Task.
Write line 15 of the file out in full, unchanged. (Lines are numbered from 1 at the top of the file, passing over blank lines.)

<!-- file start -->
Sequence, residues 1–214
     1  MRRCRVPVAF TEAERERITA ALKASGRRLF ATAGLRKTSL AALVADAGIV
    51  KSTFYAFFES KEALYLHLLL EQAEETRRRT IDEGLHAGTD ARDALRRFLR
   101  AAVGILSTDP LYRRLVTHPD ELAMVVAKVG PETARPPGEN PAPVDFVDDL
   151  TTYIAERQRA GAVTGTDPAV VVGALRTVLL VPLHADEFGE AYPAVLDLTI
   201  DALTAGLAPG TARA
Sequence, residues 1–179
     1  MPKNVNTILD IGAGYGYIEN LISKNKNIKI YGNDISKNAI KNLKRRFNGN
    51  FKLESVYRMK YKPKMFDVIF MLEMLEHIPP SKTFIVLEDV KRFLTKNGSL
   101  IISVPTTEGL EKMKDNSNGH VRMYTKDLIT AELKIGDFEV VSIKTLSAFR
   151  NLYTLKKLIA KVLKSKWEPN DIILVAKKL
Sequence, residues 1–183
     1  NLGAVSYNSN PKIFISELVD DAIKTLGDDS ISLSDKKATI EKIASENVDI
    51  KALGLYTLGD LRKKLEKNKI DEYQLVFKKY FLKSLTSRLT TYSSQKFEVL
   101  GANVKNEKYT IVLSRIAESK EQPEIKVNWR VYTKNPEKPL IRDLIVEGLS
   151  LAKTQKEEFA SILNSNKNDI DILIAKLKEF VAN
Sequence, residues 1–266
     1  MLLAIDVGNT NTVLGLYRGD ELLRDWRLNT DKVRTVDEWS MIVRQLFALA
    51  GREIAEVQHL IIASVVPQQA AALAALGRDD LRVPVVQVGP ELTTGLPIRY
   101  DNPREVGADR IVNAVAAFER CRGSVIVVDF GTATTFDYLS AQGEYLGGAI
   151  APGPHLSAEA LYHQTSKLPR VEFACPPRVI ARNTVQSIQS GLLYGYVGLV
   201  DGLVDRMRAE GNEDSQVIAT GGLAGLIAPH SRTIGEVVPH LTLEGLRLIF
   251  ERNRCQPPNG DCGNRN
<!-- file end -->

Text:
   101  GANVKNEKYT IVLSRIAESK EQPEIKVNWR VYTKNPEKPL IRDLIVEGLS